5. The 1993 NFC Wild Card playoff against Detroit. The Packers lost in the last week of the regular season in Detroit, 9-7, before this playoff rematch a week later. Green Bay rallied from a 10-point second half deficit, thanks in-part to a 101-yard interception return for a touchdown by George Teague. But they were back down by three, driving with just over a minute left in regulation. Before a play from the Lions 40-yard line, Sterling Sharpe, after a reception on the previous down, seemed to be signaling for a substitute while lining up on the right side of the field. Favre was hurrying the offense to the line, though, and Sharpe took off at the snap. The quarterback scrambled out of an open space on the left side of the pocket, only to quickly spin back around to his right and snap off a deep ball. As the ball left the television screen, cameras panned downfield and there was Sharpe, five yards ahead of his defender, streaking into the corner of the end zone, getting under and turning around to catch the beautifully thrown ball as he stepped backwards. Sharpe stood there looking tired and stunned at what he’d just done. Favre ripped his helmet off, jumping around in his first postseason victory.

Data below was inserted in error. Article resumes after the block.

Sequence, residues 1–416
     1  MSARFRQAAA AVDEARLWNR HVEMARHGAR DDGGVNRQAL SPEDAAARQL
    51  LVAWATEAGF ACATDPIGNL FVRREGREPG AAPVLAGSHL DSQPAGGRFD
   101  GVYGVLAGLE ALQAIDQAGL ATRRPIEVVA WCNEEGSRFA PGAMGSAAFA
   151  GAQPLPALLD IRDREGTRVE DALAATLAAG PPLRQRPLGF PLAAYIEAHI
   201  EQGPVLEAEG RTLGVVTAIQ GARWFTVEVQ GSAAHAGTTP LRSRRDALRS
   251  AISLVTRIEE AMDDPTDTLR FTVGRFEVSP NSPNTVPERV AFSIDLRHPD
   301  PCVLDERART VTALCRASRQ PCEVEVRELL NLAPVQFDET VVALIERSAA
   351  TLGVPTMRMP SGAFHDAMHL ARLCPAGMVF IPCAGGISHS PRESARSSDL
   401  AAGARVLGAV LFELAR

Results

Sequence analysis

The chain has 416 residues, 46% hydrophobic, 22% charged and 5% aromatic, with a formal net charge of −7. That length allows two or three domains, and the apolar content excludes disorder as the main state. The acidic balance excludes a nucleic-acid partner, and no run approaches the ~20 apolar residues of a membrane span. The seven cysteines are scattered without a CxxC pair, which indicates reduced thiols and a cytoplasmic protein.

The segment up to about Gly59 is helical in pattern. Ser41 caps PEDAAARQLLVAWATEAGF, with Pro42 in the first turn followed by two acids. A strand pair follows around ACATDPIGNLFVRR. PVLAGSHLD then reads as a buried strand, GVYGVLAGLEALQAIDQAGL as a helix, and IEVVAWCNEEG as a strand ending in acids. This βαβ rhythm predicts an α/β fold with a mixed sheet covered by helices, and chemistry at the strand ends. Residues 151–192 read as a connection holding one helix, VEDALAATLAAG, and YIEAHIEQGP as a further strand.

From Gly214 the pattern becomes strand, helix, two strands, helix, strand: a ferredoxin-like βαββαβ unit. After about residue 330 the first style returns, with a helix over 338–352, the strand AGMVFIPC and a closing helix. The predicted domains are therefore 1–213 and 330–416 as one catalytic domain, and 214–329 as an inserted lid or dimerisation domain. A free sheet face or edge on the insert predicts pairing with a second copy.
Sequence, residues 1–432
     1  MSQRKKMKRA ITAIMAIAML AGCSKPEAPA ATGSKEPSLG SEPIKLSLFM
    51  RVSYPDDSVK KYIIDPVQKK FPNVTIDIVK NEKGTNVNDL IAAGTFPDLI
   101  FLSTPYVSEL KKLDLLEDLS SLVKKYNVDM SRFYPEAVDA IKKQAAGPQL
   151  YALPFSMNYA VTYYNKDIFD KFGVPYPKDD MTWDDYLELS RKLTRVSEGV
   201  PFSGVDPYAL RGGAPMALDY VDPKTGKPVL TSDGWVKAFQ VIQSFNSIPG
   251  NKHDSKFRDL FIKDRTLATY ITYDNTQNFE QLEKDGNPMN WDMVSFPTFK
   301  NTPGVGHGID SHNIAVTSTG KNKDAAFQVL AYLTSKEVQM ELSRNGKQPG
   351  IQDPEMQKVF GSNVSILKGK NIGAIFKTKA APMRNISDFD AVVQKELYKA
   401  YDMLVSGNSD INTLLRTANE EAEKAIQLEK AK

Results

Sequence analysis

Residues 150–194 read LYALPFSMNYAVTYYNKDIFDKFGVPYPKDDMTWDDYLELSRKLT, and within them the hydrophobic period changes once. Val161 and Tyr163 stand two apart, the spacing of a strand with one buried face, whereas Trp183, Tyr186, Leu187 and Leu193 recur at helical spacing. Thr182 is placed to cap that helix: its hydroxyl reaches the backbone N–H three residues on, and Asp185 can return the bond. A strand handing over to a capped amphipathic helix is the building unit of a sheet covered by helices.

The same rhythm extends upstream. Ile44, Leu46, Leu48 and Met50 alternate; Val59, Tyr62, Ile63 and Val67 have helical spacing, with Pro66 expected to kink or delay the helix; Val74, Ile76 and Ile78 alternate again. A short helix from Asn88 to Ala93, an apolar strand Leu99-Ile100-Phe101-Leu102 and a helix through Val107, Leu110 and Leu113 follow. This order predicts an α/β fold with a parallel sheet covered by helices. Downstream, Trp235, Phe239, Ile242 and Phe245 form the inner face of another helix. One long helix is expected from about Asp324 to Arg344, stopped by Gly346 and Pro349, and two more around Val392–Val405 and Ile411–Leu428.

6. The 1995 regular season finale. Against the Pittsburgh Steelers on Christmas Eve at Lambeau Field, the Packers had an opportunity to claim their first NFC Central Division crown since 1972. The Steelers had the AFC Central Division title and a first-round bye already in the bag, but were aiming for their ninth straight victory nonetheless. It was fourth-and-goal for Pittsburgh on the Packers 6-yard line with 16 seconds remaining in the game. Green Bay, now up 24-19, had already held three separate 11-point leads. Five wide receivers flank quarterback Neil O’Donnell, who takes the snap, scans and throws to his left side where an egregiously wide open Yancey Thigpen is alone in the end zone. Thigpen adjusts his body to the left at the last moment and puts up his hands. The ball is in his hands for a split-hair of a second as he tries to bring it into his body, but gravity pulls the ball down and out of his grasp. Thigpen tries to snatch it again but his reactive knee jerk knocks the ball out of bounds. He drops the pass. As Thigpen falls to his knees, LeRoy Butler jumps into the same end zone crowd that would’ve sat in stunned silence had the last five seconds gone differently, or as they probably would most any other time. Lambeau goes absolutely bonkers. The Packers run out the clock. Afterwards Thigpen says, “Merry Christmas, Green Bay. That’s their Christmas present. Santa Claus came a day early.”